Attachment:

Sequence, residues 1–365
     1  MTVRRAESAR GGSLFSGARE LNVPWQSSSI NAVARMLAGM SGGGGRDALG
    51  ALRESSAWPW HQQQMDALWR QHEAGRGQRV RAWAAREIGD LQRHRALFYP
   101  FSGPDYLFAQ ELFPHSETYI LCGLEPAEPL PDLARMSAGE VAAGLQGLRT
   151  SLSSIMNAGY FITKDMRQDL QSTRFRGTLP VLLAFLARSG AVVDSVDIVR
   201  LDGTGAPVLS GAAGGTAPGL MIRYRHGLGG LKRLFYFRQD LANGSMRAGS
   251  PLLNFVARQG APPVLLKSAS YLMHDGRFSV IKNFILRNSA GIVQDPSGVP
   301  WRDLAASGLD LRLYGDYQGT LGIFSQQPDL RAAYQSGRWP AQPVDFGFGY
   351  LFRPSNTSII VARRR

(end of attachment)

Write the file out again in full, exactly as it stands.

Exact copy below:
Sequence, residues 1–365
     1  MTVRRAESAR GGSLFSGARE LNVPWQSSSI NAVARMLAGM SGGGGRDALG
    51  ALRESSAWPW HQQQMDALWR QHEAGRGQRV RAWAAREIGD LQRHRALFYP
   101  FSGPDYLFAQ ELFPHSETYI LCGLEPAEPL PDLARMSAGE VAAGLQGLRT
   151  SLSSIMNAGY FITKDMRQDL QSTRFRGTLP VLLAFLARSG AVVDSVDIVR
   201  LDGTGAPVLS GAAGGTAPGL MIRYRHGLGG LKRLFYFRQD LANGSMRAGS
   251  PLLNFVARQG APPVLLKSAS YLMHDGRFSV IKNFILRNSA GIVQDPSGVP
   301  WRDLAASGLD LRLYGDYQGT LGIFSQQPDL RAAYQSGRWP AQPVDFGFGY
   351  LFRPSNTSII VARRR